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  1. Scott A. Davison (2011). On the Puzzle of Petitionary Prayer: Response to Daniel and Frances Howard-Snyder. European Journal for Philosophy of Religion 3 (1):227 - 237.
    I respond to Daniel and Frances Howard-Snyder’s criticisms of my arguments in another place for the conclusion that human supplicants would have little responsibility (if any) for the result of answered petitionary prayer, and criticize their defense of the claim that God would have good reasons for creating an institution of petitionary prayer.
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  2. Scott A. Davison (2010). Review of Charles Taliaferro, Chad Meister (Eds.), The Cambridge Companion to Christian Philosophical Theology. [REVIEW] Notre Dame Philosophical Reviews 2010 (10).
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  3. Scott A. Davison (2009). A Natural Law Based Environmental Ethic. Ethics and the Environment 14 (1):pp. 1-13.
    In his recent book Natural Law and Practical Rationality , Mark Murphy develops a sophisticated version of a natural law account of practical rationality. I shall show that with only a few minor changes, Murphy's account can be developed into an environmental ethic that generates human obligations to non-human animals, plants, and perhaps even ecosystems and machines. (I shall not discuss here the plausibility of this extension of Murphy's account, relative to competing accounts in environmental ethics; that discussion will have (...)
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  4. Scott A. Davison (2009). Alvin Plantinga and Michael Tooley: Knowledge of God (Great Debates in Philosophy Series, Series Editor Ernest Sosa). [REVIEW] International Journal for Philosophy of Religion 66 (2):105-107.
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  5. Scott A. Davison (2009). Deane-Peter Baker (Ed.), Alvin Plantinga (Contemporary Philosophy in Focus Series). International Journal for Philosophy of Religion 65 (2):109-112.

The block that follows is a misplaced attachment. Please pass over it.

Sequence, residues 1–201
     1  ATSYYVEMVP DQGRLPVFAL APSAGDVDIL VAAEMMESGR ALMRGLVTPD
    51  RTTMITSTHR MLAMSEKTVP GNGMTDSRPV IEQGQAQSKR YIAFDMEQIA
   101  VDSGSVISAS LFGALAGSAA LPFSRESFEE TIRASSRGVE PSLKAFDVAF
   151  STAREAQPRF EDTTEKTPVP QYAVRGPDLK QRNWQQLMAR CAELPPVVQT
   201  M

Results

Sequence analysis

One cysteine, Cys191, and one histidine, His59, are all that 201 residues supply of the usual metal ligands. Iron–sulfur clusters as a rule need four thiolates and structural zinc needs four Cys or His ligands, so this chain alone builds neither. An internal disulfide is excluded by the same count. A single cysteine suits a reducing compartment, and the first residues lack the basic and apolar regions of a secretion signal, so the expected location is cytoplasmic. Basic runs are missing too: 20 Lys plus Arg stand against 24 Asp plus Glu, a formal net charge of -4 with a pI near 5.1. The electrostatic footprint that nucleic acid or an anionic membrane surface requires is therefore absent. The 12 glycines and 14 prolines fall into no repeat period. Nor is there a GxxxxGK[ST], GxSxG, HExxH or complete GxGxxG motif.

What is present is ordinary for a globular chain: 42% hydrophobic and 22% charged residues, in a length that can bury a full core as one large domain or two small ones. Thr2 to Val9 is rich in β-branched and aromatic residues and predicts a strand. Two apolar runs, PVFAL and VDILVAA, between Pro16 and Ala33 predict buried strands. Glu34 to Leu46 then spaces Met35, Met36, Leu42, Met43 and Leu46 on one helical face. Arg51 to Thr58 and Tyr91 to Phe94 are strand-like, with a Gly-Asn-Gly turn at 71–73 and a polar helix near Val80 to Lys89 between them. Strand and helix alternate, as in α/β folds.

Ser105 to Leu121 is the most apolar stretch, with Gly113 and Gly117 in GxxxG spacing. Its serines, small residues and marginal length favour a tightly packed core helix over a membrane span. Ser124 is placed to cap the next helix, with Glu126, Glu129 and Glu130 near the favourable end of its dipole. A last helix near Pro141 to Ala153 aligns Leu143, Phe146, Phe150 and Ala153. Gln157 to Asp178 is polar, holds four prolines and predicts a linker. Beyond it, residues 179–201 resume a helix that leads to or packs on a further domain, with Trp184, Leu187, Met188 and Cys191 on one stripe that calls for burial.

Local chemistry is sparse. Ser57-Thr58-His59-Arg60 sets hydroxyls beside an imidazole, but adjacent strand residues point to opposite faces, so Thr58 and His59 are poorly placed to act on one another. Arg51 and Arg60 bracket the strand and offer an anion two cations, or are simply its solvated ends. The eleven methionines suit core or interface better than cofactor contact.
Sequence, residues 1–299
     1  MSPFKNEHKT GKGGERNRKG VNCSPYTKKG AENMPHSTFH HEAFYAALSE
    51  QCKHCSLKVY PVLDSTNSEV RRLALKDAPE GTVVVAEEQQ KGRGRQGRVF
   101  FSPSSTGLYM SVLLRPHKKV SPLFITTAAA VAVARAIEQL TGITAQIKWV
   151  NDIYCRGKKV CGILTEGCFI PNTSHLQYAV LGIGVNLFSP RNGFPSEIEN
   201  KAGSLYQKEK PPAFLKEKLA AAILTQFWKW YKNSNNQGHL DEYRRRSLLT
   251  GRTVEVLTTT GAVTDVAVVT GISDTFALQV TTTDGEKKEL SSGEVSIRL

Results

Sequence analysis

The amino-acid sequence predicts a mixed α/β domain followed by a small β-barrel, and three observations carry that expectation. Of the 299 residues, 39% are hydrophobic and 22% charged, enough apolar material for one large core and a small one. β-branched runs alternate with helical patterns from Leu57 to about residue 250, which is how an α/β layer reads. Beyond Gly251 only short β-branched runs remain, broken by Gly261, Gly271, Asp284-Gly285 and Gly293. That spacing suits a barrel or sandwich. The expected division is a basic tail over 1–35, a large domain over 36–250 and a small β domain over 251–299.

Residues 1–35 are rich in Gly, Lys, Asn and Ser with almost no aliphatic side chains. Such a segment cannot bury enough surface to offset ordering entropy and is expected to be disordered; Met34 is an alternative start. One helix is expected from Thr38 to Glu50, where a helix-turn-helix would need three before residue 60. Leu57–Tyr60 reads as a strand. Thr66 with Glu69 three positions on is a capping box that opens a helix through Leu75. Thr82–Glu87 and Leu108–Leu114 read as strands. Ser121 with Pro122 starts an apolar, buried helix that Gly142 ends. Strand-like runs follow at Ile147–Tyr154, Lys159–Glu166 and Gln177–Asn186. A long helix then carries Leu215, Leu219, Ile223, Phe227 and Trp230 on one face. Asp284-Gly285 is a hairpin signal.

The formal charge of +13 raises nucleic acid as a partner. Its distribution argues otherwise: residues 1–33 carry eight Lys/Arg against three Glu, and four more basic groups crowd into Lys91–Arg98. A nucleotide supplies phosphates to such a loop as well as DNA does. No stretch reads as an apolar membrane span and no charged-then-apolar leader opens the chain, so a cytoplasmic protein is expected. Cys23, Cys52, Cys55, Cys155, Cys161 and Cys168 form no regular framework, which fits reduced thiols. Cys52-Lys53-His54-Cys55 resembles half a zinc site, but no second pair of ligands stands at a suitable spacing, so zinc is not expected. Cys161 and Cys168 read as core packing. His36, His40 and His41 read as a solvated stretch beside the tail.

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  6. Scott A. Davison (2008). Petitionary Prayer. In Thomas P. Flint & Michael C. Rea (eds.), The Oxford Handbook of Philosophical Theology. Oxford University Press.
     
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  7. Scott A. Davison (2007). Nicholas Everitt, the Non-Existence of God. London: Routledge, 2004. XIV and 326 Pages. [REVIEW] International Journal for Philosophy of Religion 61 (2):127-129.
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  8. Scott A. Davison (2004). Craig on the Grounding Objection to Middle Knowledge. Faith and Philosophy 21 (3):365-369.
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  9. Scott A. Davison (1999). Divine Providence and Human Freedom. In Michael Murray (ed.), Reason for the Hope Within. Eerdmans. 217--237.
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  10. Scott A. Davison (1999). Moral Luck and the Flicker of Freedom. American Philosophical Quarterly 36 (3):241 - 251.
    I argue that a well-known argument concerning moral luck supports something like the Principle of Alternate Possibilities (PAP), despite the attacks on PAP by Harry Frankfurt and John Martin Fischer.
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  11. Scott A. Davison (1998). David J. Batholomew, Uncertain Belief: Is It Rational to Be a Christian? [REVIEW] International Journal for Philosophy of Religion 43 (3):183-185.
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  12. Scott A. Davison (1997). Privacy and Control. Faith and Philosophy 14 (2):137-151.
    In this paper, I explore several privacy issues as they arise with respect to the divine/human relationship. First, in section 1, I discuss the notion of privacy in a general way. Section 2 is devoted to the claim that privacy involves control over information about oneself. In section 3, I summarize the arguments offered recently by Margaret Falls-Corbitt and F. Michael McLain for the conclusion that God respects the privacy of human persons by refraining from knowing certain things about them. (...)
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  13. Scott A. Davison (1995). Making Sense of Your Freedom. Philosophy for the Perplexed. Philosophical Books 36 (3):187-188.
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  14. Scott A. Davison (1994). Dretske on the Metaphysics of Freedom. Analysis 54 (2):115-123.
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  15. Scott A. Davison (1991). Could Abstract Objects Depend Upon God? Religious Studies 27 (4):485 - 497.
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  16. Scott A. Davison (1991). Foreknowledge, Middle Knowledge and “Nearby” Worlds. International Journal for Philosophy of Religion 30 (1):29 - 44.